How to Deal with Post-Holiday Depression

The holiday season is a prime example of mixed emotions in action. We hit enjoyable highs — all while juggling a fair amount of stress, guilt, shame, and grief. Even in the best of years, there’s a low is often lurking. This would be, of course, the seemingly inevitable letdown. A new year — with its blend of promise and pressure — settles upon us. And with it often comes what some call “the post-holiday blues.”

What Can Cause Post-Holiday Depression?

While each of us has his or her own variables, there are some common mood-depressing experiences, e.g.

  • Our physical bodies try to handle and recover from a season of too much indulgence and too little self-care
  • Jet lag taxes our sleep and restorative cycles (if you were traveling to celebrate the holiday season)
  • Our minds and spirits struggle to process a return to normalcy after a dose of intense stress and emotion
  • Settling back into work, school, or any other non-celebratory routines is disappointing
  • Our schedules (and perhaps your home) suddenly feel empty
  • A typical sadness occurs when a good time is over

In psychology, this is summed up as the “contrast effect.” Your brain and body are doing their best to manage the shift between two extremely different situations. In the post-holiday scenario, your mind perceives the present as being far sadder and boring that it is. It’s the stark contrast that defines our perception.

That perception, in turn, can trigger depression that must be dealt with. Things can get even more depressing in cold climates when a winter version of seasonal affective disorder (SAD) adds to the impact.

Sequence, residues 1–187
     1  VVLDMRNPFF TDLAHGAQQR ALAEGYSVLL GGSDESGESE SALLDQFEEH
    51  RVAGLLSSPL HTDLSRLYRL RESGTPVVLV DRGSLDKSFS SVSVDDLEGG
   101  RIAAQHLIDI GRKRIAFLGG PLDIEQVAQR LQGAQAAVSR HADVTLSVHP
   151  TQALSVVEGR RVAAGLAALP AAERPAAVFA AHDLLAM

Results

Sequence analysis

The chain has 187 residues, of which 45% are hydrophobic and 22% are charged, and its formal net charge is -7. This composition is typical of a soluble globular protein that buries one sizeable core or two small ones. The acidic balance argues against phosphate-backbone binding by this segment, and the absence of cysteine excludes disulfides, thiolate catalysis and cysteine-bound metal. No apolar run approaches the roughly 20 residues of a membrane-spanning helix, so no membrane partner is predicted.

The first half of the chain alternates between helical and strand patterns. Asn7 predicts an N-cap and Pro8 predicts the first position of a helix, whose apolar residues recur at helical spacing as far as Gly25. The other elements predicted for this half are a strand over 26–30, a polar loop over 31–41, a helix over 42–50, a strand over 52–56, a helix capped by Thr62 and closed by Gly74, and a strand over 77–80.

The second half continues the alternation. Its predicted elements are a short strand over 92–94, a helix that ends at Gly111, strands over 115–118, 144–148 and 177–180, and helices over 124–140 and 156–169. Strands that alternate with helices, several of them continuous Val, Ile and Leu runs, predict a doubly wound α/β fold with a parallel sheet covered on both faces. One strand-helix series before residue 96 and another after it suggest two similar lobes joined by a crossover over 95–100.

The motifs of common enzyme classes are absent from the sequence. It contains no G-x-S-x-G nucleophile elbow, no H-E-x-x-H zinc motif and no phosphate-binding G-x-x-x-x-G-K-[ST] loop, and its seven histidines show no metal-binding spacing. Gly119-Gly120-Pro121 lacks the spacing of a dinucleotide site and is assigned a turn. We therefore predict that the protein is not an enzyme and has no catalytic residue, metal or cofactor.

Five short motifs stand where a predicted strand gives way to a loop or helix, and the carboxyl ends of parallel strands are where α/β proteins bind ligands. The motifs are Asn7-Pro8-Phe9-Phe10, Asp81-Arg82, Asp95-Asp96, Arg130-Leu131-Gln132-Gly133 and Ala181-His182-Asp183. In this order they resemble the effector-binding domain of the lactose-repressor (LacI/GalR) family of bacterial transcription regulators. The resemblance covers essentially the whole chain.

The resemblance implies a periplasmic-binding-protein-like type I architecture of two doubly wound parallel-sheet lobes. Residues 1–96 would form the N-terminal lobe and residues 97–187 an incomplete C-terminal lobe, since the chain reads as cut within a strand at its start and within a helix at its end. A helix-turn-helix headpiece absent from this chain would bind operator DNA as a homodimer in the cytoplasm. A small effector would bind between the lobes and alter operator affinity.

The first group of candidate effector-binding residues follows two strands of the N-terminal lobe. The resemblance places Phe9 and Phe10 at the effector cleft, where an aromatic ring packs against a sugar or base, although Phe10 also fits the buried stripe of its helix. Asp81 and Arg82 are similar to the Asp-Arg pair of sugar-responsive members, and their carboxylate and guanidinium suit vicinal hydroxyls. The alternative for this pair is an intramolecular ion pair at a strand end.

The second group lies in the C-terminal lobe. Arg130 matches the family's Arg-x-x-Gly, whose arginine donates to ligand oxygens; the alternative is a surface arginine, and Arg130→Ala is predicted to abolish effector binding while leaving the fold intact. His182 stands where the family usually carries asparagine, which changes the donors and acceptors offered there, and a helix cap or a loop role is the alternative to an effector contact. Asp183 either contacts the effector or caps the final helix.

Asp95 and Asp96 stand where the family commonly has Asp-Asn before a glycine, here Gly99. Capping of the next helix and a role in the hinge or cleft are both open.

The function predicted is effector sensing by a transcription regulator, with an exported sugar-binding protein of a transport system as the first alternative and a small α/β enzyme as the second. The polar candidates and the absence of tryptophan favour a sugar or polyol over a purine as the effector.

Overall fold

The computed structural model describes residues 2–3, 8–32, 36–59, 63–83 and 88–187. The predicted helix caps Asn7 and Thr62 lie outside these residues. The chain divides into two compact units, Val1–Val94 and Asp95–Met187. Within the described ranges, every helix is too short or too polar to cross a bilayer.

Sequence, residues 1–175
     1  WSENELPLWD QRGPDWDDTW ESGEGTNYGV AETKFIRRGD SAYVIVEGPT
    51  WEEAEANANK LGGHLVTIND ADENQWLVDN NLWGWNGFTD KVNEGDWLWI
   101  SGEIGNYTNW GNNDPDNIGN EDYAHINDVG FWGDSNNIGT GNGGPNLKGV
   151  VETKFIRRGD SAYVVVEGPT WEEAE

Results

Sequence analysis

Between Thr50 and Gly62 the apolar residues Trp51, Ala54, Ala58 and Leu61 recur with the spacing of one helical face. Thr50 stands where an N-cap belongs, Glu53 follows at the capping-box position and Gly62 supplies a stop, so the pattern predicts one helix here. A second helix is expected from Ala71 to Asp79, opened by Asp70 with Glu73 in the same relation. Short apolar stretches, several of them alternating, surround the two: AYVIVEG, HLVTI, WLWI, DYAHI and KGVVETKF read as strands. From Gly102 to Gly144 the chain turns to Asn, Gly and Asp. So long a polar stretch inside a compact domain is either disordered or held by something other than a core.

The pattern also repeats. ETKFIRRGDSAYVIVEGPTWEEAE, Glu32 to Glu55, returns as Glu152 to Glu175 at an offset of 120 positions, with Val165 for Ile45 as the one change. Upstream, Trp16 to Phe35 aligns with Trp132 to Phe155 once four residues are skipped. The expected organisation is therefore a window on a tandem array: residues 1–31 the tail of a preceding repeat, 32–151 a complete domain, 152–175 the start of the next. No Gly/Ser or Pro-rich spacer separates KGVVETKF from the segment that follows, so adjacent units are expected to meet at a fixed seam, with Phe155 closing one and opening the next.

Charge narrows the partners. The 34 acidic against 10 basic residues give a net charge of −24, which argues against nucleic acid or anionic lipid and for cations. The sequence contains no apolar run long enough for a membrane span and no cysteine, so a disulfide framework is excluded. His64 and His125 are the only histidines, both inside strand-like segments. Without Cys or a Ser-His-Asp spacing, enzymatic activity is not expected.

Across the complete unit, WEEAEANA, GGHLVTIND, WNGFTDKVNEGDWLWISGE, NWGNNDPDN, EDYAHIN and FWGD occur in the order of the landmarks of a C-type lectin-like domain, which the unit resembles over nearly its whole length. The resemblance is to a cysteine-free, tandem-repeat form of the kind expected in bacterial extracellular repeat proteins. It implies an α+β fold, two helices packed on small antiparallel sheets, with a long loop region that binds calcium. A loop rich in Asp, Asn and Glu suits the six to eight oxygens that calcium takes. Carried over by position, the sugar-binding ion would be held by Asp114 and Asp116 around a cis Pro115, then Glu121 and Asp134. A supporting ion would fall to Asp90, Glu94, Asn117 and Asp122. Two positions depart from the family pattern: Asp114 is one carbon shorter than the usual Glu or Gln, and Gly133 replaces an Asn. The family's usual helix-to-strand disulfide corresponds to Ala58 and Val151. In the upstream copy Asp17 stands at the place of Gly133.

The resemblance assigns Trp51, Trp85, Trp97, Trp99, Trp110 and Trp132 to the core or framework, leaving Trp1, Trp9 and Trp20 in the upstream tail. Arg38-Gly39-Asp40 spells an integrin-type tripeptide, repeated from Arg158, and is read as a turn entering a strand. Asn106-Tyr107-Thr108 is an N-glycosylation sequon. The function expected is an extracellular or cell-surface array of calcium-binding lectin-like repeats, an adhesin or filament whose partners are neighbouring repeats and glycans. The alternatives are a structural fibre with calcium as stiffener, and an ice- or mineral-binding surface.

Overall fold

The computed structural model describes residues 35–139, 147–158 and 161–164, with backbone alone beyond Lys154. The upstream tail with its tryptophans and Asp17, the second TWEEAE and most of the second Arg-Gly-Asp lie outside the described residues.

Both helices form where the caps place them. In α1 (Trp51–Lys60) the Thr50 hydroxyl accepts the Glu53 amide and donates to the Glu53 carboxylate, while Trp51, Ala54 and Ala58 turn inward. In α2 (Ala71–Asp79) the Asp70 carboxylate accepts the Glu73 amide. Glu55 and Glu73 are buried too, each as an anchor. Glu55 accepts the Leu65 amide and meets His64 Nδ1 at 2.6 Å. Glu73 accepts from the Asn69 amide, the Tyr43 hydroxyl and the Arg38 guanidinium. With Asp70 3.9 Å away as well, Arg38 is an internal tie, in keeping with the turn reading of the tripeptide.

6 Ways to Deal with Post-Holiday Depression

1. Accept/Recognize That You Are Not Alone

Post-Holiday depression is common and almost inevitable. Don’t let your inner monologue tell you differently. Recognize this trend, accept it, and commit to the steps you need to nip it in the bud.

2. Recalibrate Your Diet

The holidays can be dangerous for your diet. Bad habits can be created and become tough to change. As soon as possible, re-set your eating style with healthier, more self-loving choices.

3. Perform Daily and Hourly Self-Care

Your daily activity, sleep patterns, and stress management are very crucial to recovery. Prioritize the type of small steps that will add up and contribute to you entering a new year with energy and optimism.

4. Identify Your Specific Post-Holiday Depression Triggers

It might be toxic family members, mourning a deceased friend or relative, nostalgia for the “good old days,” or perhaps a lack of fulfillment in your daily life. Keeping a journal is helpful in this process. Once you can name what you are feeling, you can better deal with what you are feeling.

5. Practice Gratitude

Take time each day to be grateful for the positive moments you experienced during the holidays. Rather than lament the return to normalcy, you can instead give thanks for your blessings.

6. Set Goals and Make Plans

The new year is often a time of goal-setting. Post-holiday depression makes it all the more urgent to reflect and plan. If this feels impossible, ask for help (see below).

Therapy is the Perfect Post-Holiday Gift to Yourself

As mentioned above, in step #1, the post-holiday blues are very, very common. Consequently, there are many psychotherapeutic approaches to this trend. There is no shame in feeling overwhelmed as a new year commences. In fact, it’s the ideal time to reach out for help.

Working with a counselor on a weekly basis will enable you to identify the events and patterns that led to your current situation. From there — in classic New Year’s resolution style — you can work together to chart a new course for your life.

Click here to read more on Depression Treatment.